Case 252/2001

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The Court evaluated the constitutionality of article 19, para. 2 of the legislative decree 25 July 1998 no. 286 (Consolidating act on Immigration and Norms concerning the Status of Foreigners) (the Decree) which implicitly allowed the expulsion of a foreigner entering Italian territory without documentation and staying for the sole reason of completing essential medical treatment.

The Petitioner, a Senegalese citizen, entered Italy without proper documentation and without undergoing border control. The foreigner had his foot amputated outside of Italy and entered Italy with the sole intent of replacing his foot prosthesis, not having the opportunity to receive the medical treatment in his country. At the time of trial, the foreigner was located in a national care facility waiting for the new device, while being monitored by a voluntary organization.

Article 35, para. 3 of the Decree provided a list of health care interventions available to foreigners even if they had not fulfilled mandatory entrance requirements. The Decree guaranteed insured public and accredited outpatient care or hospital access for illness or injuries, however urgent or essential.

The Petitioner was given a prefectorial decree of expulsion, to which he appealed to the Court of Genoa. The Court of Genoa through its Order of 4 March 2000, found that Article 35, para. 3 of the legislative decree was inapplicable as it applied only to foreigners who became sick while in Italy. Unwilling to question the essentiality of the medical treatment, the Court of Genoa raised the question of the Decree to the Constitutional Court.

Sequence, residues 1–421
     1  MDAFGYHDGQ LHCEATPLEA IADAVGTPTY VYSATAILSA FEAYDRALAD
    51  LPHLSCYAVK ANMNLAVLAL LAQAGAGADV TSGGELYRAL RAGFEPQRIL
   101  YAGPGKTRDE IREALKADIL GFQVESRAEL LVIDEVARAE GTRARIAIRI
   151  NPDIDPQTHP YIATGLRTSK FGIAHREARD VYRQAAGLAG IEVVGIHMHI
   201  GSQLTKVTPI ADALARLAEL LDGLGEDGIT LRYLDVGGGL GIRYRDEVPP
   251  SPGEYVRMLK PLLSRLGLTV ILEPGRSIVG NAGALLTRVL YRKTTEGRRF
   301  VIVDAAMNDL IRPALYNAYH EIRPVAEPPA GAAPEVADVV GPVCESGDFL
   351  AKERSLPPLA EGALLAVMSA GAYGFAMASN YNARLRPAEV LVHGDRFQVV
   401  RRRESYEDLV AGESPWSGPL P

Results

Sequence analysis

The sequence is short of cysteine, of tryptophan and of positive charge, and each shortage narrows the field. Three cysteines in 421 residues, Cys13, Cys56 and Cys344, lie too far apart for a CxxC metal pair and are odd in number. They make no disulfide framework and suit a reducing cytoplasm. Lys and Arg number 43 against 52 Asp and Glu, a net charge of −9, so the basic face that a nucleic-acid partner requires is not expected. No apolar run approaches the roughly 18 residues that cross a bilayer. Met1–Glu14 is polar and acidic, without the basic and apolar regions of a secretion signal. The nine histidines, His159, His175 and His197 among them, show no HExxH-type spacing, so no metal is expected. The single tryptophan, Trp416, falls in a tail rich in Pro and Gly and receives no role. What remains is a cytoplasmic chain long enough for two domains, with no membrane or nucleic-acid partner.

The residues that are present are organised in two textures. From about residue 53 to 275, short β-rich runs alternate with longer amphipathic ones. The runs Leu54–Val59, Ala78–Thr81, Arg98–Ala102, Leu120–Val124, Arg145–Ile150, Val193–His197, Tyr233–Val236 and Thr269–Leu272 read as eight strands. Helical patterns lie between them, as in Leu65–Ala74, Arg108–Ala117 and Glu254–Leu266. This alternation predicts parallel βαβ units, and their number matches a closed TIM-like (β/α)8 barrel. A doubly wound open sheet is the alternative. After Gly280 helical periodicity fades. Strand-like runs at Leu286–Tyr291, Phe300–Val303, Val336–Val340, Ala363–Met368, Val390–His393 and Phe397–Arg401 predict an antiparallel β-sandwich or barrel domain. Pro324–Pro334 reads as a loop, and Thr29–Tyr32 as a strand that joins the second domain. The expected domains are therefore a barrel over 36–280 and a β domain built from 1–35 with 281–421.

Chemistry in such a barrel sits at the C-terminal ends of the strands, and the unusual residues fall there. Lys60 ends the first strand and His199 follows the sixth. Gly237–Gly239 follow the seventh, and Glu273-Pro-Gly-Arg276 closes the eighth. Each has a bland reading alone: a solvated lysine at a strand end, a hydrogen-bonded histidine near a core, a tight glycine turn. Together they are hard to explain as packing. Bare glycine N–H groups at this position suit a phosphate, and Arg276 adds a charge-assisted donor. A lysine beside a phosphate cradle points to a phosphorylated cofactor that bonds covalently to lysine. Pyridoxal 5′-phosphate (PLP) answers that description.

The Constitutional Court held that the decree of expulsion did not violate the Petitioner’s fundamental right to health as long as the Petitioner’s medical needs were not “urgent or however essential.” If the foreigner could prove that his expulsion would cause an irreparable injury to his right to health, a court must stop the deportation.

The Court stated that Articles 2 and 32 of the Italian constitution guarantee a right to health that includes an “irreducible core” of protection of health for all individuals, including foreigners. The “irreducible core” includes all necessary treatment, even continuing treatment, for sickness or injury. Outside of this irreducible core, the right to health is “balance[d] with other constitutionally guaranteed interests,” such as the protection of public order and security.

The Court found that the legislative decree, which described the different medical services available to different categories of foreigners, provided an articulated health care system for foreigners in line with the right to health. Also, the Court found that article 35, para. 3 was applicable to the present case, in part because the legislature wanted to include foreigners in irregular status as their status could cause a “barrier to the provision of therapeutic services.” However, the paragraph must be read as non-exhaustive to ensure the foreigner’s right to health.

“il “nucleo irriducibile” del diritto alla salute garantito dall’art. 32 Cost.; stante la lettera e la ratio delle disposizioni sopra riportate, a tali soggetti sono dunque erogati non solo gli interventi di assoluta urgenza e quelli indicati dall’art. 35, comma 3, secondo periodo, ma tutte le cure necessarie, siano esse ambulatoriali o ospedaliere, comunque essenziali, anche continuative, per malattia e infortunio.”

“Questo “nucleo irriducibile” di tutela della salute quale diritto fondamentale della persona deve perciò essere riconosciuto anche agli stranieri, qualunque sia la loro posizione rispetto alle norme che regolano l’ingresso ed il soggiorno nello Stato, pur potendo il legislatore prevedere diverse modalità di esercizio dello stesso.”

“Qualora risultino fondate le ragioni addotte dal ricorrente in ordine alla tutela del suo diritto costituzionale alla salute, si dovrà provvedere di conseguenza, non potendosi eseguire l'espulsione nei confronti di un soggetto che potrebbe subire, per via dell'immediata esecuzione del  provvedimento, un irreparabile pregiudizio a tale diritto.”

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